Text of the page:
Hi-res scans save rare books

Hi-res scans save rare books

'Somewhere down the road' computer monitors will show higher-resolution images than the Web's current 72 dots per inch, said Martin R. Kalfatovic, head of the Smithsonian Institution's New Media Office.

His office has begun saving Web images at 96 dpi and scanning the Smithsonian's rarest books at up to 600 dpi. Each page of a 17th- or 18th-century scientific volume takes about five minutes to capture with a 35-mm scanning-back camera from Phase One Inc. of Northport, N.Y. Archiving a single page occupies up to 100M on a tape library run by IBM's Tivoli Storage Manager application.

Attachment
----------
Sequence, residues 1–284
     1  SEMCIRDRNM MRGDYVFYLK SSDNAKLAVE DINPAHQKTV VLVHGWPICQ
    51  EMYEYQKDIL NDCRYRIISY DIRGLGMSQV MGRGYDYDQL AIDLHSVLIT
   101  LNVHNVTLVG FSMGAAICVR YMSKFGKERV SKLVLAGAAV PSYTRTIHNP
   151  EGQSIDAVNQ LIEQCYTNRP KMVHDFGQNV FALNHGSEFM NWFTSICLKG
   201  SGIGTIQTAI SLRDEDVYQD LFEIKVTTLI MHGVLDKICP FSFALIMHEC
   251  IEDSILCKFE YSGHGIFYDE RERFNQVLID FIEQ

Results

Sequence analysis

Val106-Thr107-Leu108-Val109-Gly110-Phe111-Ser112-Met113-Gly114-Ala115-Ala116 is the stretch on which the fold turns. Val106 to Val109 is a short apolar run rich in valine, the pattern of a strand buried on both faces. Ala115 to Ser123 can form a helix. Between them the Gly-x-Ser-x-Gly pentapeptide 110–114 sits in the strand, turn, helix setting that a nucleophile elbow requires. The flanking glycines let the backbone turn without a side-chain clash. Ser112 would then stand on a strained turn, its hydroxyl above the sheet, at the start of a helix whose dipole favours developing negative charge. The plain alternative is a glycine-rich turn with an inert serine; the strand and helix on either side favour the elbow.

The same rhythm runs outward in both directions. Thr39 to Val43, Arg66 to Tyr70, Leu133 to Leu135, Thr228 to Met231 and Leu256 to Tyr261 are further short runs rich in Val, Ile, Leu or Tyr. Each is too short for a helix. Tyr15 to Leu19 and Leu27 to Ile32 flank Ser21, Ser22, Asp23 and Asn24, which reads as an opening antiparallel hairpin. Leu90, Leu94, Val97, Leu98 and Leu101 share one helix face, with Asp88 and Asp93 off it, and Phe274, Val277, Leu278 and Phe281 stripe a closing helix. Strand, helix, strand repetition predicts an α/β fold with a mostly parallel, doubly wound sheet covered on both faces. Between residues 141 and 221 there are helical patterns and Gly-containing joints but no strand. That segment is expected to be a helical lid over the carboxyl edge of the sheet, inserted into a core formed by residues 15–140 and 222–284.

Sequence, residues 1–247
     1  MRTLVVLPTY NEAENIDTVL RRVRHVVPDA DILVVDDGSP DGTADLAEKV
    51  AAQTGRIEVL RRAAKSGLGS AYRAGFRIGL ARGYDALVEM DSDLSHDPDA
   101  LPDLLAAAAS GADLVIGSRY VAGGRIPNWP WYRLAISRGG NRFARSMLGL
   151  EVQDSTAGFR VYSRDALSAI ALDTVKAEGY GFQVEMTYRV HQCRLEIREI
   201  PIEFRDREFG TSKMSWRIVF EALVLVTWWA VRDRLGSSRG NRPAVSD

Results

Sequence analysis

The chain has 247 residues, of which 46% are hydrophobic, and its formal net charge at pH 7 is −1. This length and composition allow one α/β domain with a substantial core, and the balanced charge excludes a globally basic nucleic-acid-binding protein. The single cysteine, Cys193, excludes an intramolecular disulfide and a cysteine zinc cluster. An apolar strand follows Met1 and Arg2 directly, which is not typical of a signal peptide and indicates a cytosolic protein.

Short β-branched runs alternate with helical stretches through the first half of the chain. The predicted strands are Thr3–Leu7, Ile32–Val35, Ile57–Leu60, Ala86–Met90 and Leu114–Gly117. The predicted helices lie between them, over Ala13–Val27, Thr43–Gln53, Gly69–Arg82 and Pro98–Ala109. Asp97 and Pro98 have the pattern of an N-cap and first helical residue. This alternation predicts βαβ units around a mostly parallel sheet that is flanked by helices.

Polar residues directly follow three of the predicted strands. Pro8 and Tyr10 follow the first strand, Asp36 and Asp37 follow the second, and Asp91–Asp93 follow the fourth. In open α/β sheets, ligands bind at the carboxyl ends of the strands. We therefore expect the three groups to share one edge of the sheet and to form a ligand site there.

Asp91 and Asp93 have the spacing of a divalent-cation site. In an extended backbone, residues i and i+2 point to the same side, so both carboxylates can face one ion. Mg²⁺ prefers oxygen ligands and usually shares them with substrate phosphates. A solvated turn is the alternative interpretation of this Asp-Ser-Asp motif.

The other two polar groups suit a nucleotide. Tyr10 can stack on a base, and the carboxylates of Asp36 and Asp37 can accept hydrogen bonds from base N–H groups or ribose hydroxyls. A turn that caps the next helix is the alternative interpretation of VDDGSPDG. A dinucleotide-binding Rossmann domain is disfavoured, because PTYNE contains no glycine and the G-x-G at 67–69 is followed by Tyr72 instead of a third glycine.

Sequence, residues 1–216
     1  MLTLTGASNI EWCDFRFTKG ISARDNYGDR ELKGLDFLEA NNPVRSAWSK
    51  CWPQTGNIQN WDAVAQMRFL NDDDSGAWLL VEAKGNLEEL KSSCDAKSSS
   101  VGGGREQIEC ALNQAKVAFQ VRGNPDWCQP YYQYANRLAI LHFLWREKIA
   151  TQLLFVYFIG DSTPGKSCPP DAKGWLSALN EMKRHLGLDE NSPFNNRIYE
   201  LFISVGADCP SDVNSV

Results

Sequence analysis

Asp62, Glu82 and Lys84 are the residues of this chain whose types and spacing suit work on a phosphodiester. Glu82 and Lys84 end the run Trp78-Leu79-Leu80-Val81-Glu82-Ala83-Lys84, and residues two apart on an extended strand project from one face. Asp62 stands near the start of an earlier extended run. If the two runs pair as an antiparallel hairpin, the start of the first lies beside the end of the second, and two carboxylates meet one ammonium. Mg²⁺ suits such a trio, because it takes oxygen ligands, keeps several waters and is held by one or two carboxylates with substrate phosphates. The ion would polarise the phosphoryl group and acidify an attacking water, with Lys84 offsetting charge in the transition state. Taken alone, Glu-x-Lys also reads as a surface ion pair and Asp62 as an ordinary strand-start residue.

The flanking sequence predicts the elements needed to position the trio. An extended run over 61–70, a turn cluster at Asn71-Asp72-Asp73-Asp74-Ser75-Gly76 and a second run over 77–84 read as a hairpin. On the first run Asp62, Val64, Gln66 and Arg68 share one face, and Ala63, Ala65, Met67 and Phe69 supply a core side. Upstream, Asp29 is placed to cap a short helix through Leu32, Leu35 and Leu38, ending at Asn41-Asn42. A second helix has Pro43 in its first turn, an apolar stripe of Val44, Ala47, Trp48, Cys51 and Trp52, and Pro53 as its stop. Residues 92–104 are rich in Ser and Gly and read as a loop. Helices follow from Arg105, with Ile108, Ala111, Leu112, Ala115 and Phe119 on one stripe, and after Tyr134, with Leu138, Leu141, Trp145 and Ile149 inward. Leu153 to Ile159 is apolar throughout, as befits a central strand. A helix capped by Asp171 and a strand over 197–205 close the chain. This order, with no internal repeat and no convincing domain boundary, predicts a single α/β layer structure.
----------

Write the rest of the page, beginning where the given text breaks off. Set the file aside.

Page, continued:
Some of the books are unique or the only copies in North America. Web posting lets Smithsonian and other scientists worldwide study the rare images, at www.sil.si.edu/
DigitalCollections
, without damaging them.

Less rare materials are contracted out for scanning, Kalfatovic said, and some are being keyed and tagged in Extensible Markup Language for reuse. A consortium of national museums in several countries is working on an XML document type definition for taxonomic literature, he said.

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